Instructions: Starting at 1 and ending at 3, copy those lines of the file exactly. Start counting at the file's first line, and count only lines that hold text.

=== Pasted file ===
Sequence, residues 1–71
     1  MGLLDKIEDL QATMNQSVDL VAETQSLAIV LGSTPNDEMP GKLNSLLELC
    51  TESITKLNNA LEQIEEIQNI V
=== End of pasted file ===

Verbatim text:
Sequence, residues 1–71
     1  MGLLDKIEDL QATMNQSVDL VAETQSLAIV LGSTPNDEMP GKLNSLLELC
    51  TESITKLNNA LEQIEEIQNI V